The protocol was approved by an independent French ethics committee (Comité de Protection des Personnes SUD OUEST ET OUTRE MER II, reference RIPH3-RNI19-TOUPIE) on 11 April 2019. The study protocol is registered on ClinicalTrials.gov. An independent Data and Safety Monitoring Board with at least three members with expertise in lung diseases, biostatistics and clinical pharmacology, independent from the sponsor, will meet regularly and whenever necessary to review safety data and make recommendations about the continuation, amendments or termination of the clinical trial. Any written or oral communication of the research results must be approved by the research coordinating investigator and, where appropriate, in collaboration with the associated scientists. The publication of the main results must cite the promoter.

The recommendations ‘Recommendations for the Conduct, Reporting, Editing, and Publication of Scholarly Work in Medical Journals’ (updated December 2015) from the International Committee of Medical Journal Editors will be followed.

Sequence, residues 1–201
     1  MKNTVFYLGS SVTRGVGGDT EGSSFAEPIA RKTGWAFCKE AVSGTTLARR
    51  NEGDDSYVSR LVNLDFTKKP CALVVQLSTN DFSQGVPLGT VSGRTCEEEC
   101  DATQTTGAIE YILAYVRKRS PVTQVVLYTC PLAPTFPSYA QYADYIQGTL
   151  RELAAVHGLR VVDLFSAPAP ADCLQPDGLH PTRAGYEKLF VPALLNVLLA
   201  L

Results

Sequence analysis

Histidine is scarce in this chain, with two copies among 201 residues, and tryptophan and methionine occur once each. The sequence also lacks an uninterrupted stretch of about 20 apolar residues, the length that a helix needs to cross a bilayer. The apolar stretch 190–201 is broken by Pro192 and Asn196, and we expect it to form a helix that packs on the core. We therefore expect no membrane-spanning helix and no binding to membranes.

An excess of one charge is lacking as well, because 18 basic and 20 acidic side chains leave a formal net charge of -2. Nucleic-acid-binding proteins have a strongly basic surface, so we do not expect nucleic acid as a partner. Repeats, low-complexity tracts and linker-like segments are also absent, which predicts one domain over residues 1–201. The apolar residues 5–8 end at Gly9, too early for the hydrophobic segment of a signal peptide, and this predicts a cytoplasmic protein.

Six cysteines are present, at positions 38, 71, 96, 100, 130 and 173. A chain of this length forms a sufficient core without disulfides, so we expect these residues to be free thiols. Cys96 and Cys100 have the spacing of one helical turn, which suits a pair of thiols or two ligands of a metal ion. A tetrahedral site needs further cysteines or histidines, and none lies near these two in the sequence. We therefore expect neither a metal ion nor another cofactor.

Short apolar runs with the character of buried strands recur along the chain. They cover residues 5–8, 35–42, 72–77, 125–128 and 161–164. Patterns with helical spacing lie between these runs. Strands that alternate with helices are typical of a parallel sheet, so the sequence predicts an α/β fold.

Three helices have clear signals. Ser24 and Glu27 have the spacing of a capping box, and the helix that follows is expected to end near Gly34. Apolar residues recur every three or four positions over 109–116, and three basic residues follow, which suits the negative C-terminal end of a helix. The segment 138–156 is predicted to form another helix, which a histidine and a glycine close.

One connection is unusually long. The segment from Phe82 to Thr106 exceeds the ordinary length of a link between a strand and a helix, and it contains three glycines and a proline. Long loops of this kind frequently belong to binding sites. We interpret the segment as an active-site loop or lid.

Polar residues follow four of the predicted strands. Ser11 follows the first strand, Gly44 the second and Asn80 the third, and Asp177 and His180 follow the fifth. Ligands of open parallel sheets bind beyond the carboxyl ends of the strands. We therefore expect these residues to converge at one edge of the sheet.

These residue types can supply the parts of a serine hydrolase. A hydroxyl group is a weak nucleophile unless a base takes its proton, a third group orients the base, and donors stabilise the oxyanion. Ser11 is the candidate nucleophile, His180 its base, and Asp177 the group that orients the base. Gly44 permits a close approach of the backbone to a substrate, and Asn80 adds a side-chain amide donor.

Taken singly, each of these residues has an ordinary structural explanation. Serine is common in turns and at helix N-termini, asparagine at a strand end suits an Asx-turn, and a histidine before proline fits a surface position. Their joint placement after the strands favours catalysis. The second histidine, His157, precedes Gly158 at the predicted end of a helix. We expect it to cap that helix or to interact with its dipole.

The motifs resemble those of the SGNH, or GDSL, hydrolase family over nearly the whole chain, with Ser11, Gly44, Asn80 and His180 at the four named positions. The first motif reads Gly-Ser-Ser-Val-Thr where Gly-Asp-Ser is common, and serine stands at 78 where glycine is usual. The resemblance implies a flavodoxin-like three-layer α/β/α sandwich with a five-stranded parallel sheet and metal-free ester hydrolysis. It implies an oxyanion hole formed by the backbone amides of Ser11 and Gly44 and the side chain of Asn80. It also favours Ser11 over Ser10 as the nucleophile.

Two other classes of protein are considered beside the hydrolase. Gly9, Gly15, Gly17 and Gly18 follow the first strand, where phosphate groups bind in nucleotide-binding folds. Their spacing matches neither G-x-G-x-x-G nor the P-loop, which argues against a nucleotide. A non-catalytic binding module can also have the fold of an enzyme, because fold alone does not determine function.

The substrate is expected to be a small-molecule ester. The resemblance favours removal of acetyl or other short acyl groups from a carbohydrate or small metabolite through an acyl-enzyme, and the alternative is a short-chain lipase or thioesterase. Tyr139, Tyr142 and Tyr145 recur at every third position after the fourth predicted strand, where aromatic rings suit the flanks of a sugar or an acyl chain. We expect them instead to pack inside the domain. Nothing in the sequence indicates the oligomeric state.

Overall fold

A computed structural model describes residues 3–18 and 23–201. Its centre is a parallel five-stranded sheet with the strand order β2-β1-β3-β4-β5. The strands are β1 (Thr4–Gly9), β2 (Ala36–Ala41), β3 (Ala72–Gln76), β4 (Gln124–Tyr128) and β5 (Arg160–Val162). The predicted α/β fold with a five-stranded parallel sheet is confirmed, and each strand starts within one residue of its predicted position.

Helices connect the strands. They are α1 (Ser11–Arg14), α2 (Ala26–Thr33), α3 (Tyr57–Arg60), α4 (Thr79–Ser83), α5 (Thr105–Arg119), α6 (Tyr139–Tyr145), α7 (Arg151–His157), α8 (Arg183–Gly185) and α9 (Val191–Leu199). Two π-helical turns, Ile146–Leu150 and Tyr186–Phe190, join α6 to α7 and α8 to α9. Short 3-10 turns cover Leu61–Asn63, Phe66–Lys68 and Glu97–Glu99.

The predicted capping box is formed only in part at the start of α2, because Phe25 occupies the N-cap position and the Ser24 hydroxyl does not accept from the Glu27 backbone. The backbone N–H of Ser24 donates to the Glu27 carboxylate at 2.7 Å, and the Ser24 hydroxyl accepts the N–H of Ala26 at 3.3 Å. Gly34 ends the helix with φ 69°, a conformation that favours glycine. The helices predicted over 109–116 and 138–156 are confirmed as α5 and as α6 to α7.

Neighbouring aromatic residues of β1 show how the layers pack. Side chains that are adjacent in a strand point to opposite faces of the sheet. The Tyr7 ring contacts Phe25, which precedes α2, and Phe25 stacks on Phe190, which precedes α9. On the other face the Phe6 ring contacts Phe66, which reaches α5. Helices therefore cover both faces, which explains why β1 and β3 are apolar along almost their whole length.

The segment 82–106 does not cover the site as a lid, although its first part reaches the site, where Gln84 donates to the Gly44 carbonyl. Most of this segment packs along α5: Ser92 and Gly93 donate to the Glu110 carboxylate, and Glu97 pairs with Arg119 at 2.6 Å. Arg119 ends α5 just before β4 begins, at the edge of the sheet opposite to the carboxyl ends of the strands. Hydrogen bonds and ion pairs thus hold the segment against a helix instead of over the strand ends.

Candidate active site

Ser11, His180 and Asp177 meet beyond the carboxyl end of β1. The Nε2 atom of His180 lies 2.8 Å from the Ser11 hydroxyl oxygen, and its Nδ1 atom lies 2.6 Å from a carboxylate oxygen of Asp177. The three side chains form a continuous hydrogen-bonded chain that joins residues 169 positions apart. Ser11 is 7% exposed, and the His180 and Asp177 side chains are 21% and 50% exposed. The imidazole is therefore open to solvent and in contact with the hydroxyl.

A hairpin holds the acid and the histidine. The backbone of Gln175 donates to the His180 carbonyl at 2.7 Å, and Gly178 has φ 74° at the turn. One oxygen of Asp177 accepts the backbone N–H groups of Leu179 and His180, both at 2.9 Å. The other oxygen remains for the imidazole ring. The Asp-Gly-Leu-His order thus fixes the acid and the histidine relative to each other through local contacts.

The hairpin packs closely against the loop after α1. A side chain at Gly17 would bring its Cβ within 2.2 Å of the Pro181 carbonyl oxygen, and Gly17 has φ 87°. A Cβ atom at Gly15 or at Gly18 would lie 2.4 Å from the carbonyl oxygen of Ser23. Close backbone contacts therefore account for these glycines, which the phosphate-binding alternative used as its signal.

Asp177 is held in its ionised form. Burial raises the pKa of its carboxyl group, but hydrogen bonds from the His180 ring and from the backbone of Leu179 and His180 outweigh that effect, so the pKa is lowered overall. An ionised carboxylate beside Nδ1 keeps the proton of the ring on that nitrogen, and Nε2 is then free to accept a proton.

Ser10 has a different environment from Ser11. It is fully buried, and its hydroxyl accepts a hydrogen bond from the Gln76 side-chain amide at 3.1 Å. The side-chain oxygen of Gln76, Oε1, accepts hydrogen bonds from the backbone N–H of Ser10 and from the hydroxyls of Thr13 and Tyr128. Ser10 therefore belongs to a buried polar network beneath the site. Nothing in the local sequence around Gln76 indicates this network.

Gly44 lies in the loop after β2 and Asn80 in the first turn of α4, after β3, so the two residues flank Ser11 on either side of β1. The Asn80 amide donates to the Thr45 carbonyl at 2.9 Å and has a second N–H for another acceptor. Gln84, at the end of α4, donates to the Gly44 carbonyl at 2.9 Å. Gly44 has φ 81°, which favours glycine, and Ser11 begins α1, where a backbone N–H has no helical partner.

Participant confidentiality and data protection

In accordance with French laws and regulations, research staff with direct access to source data will take all necessary precautions to ensure the confidentiality of information. All information regarding participants forwarded to the sponsor will be made anonymous. All data transferred between sites will be encrypted, and no individual will be identifiable from the stored data. Identifiable patient information will be stored in a locked cabinet, accessible only by research members at the site of the data collection. All original records will be archived at trial sites for 15 years. The clean database file will be anonymised and kept for 15 years.

Patients and public involvement

Patients and/or public were not involved in the study design, recruitment or conduct of the study.

Discussion

To our knowledge, this is the first study describing the evolution of several ultrasound signs over time in the same patient with IPF. This will allow the acquisition of new knowledge in the field of chest ultrasound.

If a correlation between the ultrasound signs and the functional and CT scan scores is confirmed, the early detection of the ultrasound signs of worsening of the interstitial changes will constitute an additional argument for an earlier evaluation by CT scan or even the initiation of a treatment to limit the spread of irreversible fibrosis lesions. Conversely, in case of stability of the ultrasound signs, CT scans to control fibrosis lesions could be spaced to limit the irradiation of patients.